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Friday, November 11, 2005

C. S. Lewis (and Tolkien) and biology

Let me make one thing perfectly clear. I appreciate the writing of C. S. Lewis, and have been deeply influenced by it, I hope. As evidence, I cite my article on the bioethics of C. S. Lewis, which was published in hard copy, and has been posted, by the American Scientific Affiliation, which I appreciate. (They did so without mentioning my affiliation with SWU, because I was on sabbatical at Bryan College when I presented this to the annual meeting of the ASA. I am grateful to both institutions.) Unfortunately, there was an error in scanning the document. "o, n bod % *" should be "own body." As more evidence, I posted, earlier this year, a series on temptations in the Narnia books (see here for last post). I subscribe to, and read, Arevanye's C. S. Lewis blog.

Here's another thing to make clear: If you think reading any criticism of the details in Lewis' books would spoil your future reading of his works, don't read this post any further.

A third clarification: Please remember that this blog is subtitled "musings . . ." That's what this post is.

I found Lewis in the children's section of the University of Wisconsin library, around 1960. Perhaps I should have been studying for my courses, or working on my research, but I'm glad I found the Narnia books. I have read them many times. I look forward with mixed feelings to the forthcoming film based on the series.

Lewis has been criticized, I believe by Tolkien, for one, for not being careful with details. (If anyone out there can put a reference for this in a comment, I'd appreciate it! Thanks in advance.)

Here are some of the details that don't ring true to me.

1) No females. I know, there are females on Mars, in Out of the Silent Planet, and female characters have strong roles to play in Perelandra, That Hideous Strength, and the Narnia books. Till We Have Faces is narrated by the main character, a female. But there are strange gaps. There don't seem to be any female dwarves, or marshwiggles, or earthmen, in the Narnia books.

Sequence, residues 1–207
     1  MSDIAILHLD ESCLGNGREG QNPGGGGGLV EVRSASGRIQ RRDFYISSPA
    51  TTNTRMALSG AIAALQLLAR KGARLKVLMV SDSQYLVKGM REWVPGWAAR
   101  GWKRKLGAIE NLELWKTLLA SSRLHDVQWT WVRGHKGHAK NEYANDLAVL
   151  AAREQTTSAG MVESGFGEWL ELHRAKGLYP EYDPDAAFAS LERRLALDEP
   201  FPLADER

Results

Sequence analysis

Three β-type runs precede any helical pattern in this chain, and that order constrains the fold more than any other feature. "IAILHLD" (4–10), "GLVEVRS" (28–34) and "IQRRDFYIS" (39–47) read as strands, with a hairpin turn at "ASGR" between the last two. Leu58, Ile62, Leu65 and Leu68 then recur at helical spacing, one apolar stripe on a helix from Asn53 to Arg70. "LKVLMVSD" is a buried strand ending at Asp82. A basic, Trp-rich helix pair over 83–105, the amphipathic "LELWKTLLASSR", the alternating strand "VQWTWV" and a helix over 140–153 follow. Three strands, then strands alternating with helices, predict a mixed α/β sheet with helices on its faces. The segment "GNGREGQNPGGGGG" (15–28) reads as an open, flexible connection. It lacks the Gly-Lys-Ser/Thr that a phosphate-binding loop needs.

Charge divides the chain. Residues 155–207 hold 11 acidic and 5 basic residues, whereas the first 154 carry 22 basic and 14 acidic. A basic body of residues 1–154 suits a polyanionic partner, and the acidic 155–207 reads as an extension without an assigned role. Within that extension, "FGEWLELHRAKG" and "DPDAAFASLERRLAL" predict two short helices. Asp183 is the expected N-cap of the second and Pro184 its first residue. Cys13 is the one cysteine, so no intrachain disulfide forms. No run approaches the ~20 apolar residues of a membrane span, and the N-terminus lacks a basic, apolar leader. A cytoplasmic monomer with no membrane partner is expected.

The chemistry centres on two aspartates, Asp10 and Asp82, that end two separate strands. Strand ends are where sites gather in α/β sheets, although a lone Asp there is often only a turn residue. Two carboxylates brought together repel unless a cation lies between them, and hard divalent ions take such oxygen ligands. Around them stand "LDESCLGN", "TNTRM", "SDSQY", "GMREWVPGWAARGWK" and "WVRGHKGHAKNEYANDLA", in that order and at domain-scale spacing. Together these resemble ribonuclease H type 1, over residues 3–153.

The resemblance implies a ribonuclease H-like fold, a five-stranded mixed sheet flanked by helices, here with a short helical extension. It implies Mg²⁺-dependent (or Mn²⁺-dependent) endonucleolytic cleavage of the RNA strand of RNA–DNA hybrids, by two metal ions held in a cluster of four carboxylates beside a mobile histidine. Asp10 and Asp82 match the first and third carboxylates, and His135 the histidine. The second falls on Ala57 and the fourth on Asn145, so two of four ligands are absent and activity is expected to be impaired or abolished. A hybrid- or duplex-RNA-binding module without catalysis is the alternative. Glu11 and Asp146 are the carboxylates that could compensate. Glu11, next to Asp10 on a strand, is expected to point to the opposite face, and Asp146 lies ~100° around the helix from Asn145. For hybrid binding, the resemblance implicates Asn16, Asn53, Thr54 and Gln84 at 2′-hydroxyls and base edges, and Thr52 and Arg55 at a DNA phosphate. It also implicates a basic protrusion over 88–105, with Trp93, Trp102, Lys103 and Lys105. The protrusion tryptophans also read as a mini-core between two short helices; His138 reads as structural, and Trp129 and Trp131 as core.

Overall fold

2) Populations too small. Aslan could, of course, maintain them, no matter how small. But, in Prince Caspian, there seem to be just a handful, or even less, of hags, bears, badgers, werewolves, and others. There are a number of real species of organisms on current real endangered lists, with more than a handful of members. Inbreeding, accidents, and the like take their toll. Species can't be expected to survive with numbers as small as Lewis implied.

3) Food and supplies. Authors often neglect this. I probably would, too. Most fiction works are not about agriculture or commerce. But, for example, how does the giant house, Harfang, heat itself? Lewis describes profligacy in heating it, from wood fuel, but Harfang is in the middle of a "desolate, rocky plain" (The Silver Chair, New York: Macmillan, 1953, p. 78) which is apparently treeless, and Jill, Eustace and Puddleglum spent all morning and part of the afternoon getting to it from where they first saw it, with no suggestion that they went through a forest. There is mention of hunting parties, but none of wood-seeking parties.

Where did Tumnus shop? There is no mention of any market, or even building, in the first part of The Lion, The Witch, and the Wardrobe, save the castle of the witch.

How did Narnia survive the long winter caused by the witch? Such a winter would have cut off almost all agriculture, grazing, etc.

4) Paths under the ocean. The sea-people in The Voyage of the Dawn Treader are described as riding something like sea-horses, which swim. Presumably they do, too. Lucy sees paths at the bottom of the ocean, used by the sea-people. Why would they need paths, or how would they even make them?

Some parallels between Tolkien and Lewis's subcreations:

1) Both of them had some female characters, but both of them seemed to have whole populations with no females. (I'm not including the Ents.) Though Tolkien wrote that it was difficult or impossible for non-dwarves to differentiate the sexes, he mentions only one female dwarf, Dís, Thorin's sister, in the trilogy, The Hobbit, or The Silmarillion, and she was a very minor character. (Besides my memory, see the entry on her in The Encyclopedia of Arda.) I don't recall any evidence of female orcs at all.